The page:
It’s been a difficult year.
I may be a woman that works with death all the time, but let me tell you: all the practice in the world doesn’t make it easy when it’s your friends that are dying, when the people that you are asking to let go are ‘your people.’ As a hospice nurse, I have a different perspective and a plethora of practice – both help — but nothing makes it easy.
Sitting inside this experience, I’d rather it be easy — but easy would mean that these people weren’t special and my love wasn’t deep. Do I want that? What I want — what I’ve chosen to take — is time. Time to honor them, time to grieve, time to step back from the crazy day-to-day and take note of all that has changed, all that is the same, all that is hard, all that is beautiful beyond comprehension, time to feel the blessings magnified by the pain.
Right now, I’m emerging from the cocoon that I built in order to do all that. My isolation was a tiny pocket of self-preservation where I had to go hide and melt into goo so I could re-emerge as something else, something beautiful and fresh and mature. I have been honoring their impacts on me and my life, honoring them. I’m not sure that I’m ready to come out, but then, does anyone ever feel ready?
In my slow and tentative re-emergence to the world I offer you this contemplation on grief:
When you sit with grief, when you’re willing to look at it inside and out, feel it, let it sink into your bones, you begin to slowly understand, it is just your love for what has left, still flowing out into the world. With time, if you are blessed, you come to understand that grief is no more than breathing your love and their spirit back into the world. It is you, breathing for them. Each exhalation offers a bit of their spirit and memory back into the world their human body has departed.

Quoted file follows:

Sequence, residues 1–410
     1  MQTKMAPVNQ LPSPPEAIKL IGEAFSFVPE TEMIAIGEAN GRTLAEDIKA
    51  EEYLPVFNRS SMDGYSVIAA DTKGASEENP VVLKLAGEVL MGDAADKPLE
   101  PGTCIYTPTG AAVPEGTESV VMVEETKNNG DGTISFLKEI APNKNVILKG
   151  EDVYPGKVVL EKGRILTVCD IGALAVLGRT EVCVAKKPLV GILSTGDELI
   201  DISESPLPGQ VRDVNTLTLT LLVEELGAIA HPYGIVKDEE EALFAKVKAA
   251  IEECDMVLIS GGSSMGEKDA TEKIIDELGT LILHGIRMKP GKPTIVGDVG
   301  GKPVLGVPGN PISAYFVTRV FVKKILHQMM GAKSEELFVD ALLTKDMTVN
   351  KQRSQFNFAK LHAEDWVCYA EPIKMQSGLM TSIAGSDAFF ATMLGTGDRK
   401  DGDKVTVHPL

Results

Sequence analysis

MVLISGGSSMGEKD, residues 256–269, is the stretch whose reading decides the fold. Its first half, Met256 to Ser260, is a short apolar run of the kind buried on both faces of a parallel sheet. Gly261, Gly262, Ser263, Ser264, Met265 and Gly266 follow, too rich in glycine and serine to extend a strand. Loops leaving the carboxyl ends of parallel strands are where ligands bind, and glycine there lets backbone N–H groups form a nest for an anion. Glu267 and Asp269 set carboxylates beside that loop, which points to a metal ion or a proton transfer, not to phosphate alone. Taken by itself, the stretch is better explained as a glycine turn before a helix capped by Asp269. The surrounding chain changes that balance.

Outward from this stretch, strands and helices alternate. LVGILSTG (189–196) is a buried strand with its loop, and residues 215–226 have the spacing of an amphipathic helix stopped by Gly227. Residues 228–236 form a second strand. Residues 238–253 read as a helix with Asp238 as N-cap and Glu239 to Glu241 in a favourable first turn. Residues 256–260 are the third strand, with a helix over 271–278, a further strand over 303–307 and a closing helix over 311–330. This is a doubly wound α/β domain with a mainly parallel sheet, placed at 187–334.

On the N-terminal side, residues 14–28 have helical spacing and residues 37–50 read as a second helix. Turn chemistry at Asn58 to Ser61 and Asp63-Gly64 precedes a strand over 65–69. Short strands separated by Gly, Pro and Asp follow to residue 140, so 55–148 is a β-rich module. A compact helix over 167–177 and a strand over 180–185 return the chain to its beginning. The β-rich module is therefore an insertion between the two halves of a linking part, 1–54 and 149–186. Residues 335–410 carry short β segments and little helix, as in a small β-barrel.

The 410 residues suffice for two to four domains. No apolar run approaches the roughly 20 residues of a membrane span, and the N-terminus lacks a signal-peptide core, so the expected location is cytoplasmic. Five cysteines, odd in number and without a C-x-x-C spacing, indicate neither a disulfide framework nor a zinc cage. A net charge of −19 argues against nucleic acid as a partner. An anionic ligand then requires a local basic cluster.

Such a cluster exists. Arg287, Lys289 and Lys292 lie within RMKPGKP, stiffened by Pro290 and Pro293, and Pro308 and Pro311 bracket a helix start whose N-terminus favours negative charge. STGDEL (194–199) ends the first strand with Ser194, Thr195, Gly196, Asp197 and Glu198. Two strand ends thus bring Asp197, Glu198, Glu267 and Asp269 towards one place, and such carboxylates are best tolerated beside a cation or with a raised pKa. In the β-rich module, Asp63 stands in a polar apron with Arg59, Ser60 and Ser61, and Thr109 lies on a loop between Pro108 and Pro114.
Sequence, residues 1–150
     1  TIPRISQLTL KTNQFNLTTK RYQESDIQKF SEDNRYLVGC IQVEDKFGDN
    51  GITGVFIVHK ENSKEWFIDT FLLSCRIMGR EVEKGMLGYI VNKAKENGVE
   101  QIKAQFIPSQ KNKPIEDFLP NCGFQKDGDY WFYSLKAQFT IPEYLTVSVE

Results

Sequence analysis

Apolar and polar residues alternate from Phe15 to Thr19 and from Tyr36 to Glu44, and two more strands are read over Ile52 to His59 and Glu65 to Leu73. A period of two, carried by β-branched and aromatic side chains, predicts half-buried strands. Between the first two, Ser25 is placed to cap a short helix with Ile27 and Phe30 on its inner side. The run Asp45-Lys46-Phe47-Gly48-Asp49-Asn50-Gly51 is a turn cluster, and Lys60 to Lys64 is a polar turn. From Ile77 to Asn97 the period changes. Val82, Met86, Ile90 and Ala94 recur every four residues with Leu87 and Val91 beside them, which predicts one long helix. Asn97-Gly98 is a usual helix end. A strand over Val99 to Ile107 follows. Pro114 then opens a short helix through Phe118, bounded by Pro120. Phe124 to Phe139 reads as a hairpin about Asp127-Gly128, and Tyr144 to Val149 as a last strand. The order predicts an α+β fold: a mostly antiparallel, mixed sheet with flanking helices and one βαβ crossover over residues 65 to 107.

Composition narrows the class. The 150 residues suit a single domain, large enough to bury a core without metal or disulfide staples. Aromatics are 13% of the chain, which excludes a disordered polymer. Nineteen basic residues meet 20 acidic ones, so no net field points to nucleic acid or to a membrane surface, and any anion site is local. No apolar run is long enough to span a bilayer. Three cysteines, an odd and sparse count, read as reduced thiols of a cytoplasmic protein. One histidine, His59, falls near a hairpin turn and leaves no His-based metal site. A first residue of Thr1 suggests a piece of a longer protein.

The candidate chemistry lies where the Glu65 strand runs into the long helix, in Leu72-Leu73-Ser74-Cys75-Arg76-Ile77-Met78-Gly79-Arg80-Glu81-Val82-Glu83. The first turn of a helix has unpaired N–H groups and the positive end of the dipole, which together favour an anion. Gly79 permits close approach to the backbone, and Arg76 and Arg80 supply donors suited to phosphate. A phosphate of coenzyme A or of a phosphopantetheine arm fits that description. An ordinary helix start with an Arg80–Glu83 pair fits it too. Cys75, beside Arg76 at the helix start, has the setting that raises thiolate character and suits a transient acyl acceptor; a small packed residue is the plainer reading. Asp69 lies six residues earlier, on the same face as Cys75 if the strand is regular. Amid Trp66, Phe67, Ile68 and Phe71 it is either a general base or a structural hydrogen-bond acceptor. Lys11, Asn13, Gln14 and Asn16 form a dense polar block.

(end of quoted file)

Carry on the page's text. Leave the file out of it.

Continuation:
In early days and unpredictable moments your breath comes in sputtering and gasps, you find yourself just trying to hold it in or spit it out, sometimes both, often you’re unsure which. Each breath comes labored, painful and sometimes you’re unsure of your ability to survive, but you do. The worst times will give way to moments of laughter, peace and even joy and it all resonates together in a beautiful chord, singing your grief-love into the world in their name. Eventually more days come when you breathe easy, when breathing grief-love is just a constant part of your being, subconscious but vital.
I inhale deeply and exhale slowly, and a mighty chorus roars up from my heart and out through my throat when I let it, the grief-love turned to breath of all those whom I have had the privilege of loving and letting go. I forget, too often, the power of all of them behind me and the beauty of that legacy of love I am honored to carry and share with the world. I forget it when I need it the most, when I want to let the pain of grief pull me down into the depths of that ocean where there is no breath. When I finally do remember, inhale, exhale, their wings lift me back up.
They are not gone when I breathe their love back into the world, when I grieve-love with each breath. Their form is different, but they are never gone, not while those that love them keep breathing.